Free $500 IKEA Vouchers? It’s a Scam, Says IKEA

What is IKEA known for?

In Singapore, it is known for its lip-smacking meatballs (you should really try their new chicken meatballs!) and juicy chicken wings.

I love going to IKEA for totally different reasons.

My friends and I like to pretend we live there by sleeping on their display bed or fake-cooking in their display kitchen and sometimes we would even play hide-and-seek.

What can I say?

We are young at heart.

I am sure one day, probably when I am 40, I will be able to afford my own house and then I can do legit shopping at IKEA.

Unless there are random IKEA shopping vouchers floating on the net…..

Wait, IKEA IS GIVING FREE VOUCHERS?

NO BECAUSE IF THEY WERE, WE CONFIRM WOULD LET YOU KNOW.

Apparently, there is an IKEA survey of sorts circulating on social media and messaging apps which offers free vouchers, Channel NewsAsia reported.

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Here is a screengrab of the survey:

Image: Channel NewsAsia

As a writer, I can’t help but cringe at the survey as it is riddled with grammatical errors.

I am not a grammar nazi but come on, some of the errors are just abysmal.

This should be the proper version:

IKEA is giving a free voucher of $500 to celebrate its 75th birthday!

To qualify for the voucher, please take part in this short survey.

Question 1: Have you ever been to IKEA?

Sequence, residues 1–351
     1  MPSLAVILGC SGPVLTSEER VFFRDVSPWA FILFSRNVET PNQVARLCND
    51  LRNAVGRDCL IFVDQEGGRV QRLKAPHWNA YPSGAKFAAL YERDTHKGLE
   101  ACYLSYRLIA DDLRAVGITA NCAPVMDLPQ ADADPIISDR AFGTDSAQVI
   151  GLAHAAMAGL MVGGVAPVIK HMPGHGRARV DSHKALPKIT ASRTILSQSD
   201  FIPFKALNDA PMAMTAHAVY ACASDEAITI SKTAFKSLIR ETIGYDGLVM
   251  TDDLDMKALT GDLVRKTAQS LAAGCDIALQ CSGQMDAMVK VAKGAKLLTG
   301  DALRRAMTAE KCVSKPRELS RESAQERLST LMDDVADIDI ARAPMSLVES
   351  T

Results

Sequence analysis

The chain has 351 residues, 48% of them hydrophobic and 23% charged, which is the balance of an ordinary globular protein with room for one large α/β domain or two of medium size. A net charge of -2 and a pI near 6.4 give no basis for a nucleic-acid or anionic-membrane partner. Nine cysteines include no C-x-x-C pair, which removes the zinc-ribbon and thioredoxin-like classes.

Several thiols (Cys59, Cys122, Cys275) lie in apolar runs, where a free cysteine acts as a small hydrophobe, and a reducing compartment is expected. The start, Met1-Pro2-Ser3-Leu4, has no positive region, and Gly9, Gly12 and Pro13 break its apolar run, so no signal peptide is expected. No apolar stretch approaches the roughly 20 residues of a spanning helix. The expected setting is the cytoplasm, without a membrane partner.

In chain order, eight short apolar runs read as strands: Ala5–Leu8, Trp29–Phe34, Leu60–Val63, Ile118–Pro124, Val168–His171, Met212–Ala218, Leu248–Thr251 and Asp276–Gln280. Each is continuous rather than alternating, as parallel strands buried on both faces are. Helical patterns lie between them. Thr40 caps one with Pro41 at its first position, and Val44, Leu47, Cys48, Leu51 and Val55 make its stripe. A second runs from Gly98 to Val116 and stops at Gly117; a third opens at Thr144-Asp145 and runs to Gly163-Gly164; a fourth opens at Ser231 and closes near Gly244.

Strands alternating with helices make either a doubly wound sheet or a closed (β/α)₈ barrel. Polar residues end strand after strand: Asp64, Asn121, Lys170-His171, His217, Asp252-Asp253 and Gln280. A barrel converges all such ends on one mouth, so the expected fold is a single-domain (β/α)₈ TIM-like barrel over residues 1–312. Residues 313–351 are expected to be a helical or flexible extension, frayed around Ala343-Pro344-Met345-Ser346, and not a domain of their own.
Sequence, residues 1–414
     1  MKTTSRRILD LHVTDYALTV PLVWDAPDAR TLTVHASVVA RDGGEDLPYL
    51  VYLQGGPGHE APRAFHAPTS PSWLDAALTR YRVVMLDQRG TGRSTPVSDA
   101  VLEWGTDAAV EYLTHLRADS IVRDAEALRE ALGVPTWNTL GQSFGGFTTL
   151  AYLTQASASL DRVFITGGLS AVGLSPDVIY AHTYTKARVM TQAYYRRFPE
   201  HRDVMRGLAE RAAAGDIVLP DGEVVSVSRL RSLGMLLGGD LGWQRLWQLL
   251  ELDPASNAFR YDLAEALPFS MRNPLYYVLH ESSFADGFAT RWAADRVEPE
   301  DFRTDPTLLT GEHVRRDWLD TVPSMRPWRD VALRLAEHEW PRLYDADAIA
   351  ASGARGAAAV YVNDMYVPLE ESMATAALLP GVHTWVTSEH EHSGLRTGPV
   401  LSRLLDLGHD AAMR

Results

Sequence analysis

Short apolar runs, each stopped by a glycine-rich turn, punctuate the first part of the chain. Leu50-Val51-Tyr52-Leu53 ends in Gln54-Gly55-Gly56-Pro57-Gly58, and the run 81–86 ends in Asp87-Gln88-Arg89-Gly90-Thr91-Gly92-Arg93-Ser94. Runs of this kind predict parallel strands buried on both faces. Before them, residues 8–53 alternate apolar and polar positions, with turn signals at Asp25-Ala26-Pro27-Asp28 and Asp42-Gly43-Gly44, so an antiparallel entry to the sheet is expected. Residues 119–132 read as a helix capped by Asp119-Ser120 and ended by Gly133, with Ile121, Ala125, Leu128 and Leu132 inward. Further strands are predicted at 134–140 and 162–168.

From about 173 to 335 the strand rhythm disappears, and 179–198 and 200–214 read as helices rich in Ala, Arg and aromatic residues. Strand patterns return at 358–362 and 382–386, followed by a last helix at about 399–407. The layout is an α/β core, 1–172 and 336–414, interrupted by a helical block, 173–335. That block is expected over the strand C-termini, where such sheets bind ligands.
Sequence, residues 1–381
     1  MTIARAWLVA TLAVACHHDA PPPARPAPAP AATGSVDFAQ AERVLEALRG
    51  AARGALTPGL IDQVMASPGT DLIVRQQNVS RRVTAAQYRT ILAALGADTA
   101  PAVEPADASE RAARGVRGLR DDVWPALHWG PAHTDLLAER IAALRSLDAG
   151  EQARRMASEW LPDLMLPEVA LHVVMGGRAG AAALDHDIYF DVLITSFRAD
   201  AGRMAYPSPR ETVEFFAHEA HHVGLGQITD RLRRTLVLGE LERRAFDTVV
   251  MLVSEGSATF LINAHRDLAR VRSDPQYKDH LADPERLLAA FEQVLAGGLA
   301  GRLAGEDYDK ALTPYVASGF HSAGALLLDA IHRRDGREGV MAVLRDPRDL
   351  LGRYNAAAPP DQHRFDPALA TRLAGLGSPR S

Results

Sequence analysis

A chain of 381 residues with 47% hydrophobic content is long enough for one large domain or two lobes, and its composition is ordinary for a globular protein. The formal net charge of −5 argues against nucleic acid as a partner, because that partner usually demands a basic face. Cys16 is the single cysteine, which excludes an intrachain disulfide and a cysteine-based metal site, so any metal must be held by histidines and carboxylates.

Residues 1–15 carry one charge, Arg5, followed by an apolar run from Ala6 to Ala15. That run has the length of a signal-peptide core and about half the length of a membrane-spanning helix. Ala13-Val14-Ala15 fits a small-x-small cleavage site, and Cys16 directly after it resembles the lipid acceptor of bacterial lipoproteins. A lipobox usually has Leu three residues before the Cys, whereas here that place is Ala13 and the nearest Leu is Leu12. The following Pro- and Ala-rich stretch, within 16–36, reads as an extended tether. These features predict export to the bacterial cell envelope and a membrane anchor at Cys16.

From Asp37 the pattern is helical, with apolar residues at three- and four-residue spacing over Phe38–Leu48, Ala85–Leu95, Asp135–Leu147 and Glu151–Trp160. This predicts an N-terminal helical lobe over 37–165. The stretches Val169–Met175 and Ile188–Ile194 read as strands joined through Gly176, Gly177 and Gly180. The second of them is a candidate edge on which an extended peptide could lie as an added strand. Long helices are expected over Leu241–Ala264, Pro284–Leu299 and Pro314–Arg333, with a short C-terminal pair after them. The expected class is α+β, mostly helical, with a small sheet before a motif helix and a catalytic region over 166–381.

Sorry for my grammar OCD.

Anyways, IKEA has cleared the air.

Image: IKEA Singapore Facebook

If you can’t read:

Dear fans,

We’ve noticed that there is another round of mobile survey promising free IKEA vouchers circulating on the Internet and messaging apps. We’d like to clarify that we are not associated with these activities, and they are not initiated by IKEA. Please protect yourself by not sharing your personal information or clicking on any suspicious links. Do spread the word to your friends so they are aware.

IKEA also mentioned that phishing emails (aka shady emails) tend to be spelled strangely and they work hard to avoid spelling mistakes or poor grammar, Channel NewsAsia reported.

IKEA also added that it will never ask for personal details via email.

So guys, don’t fall hook, line, and sinker for these scams!

Since we all love to leave complaints…oops I mean feedback on social media, why not drop a message to the respective company when in doubt.

Scammers might be working hard but we will be working harder.

Image: tenor.com

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This article was first published on goodyfeed.com

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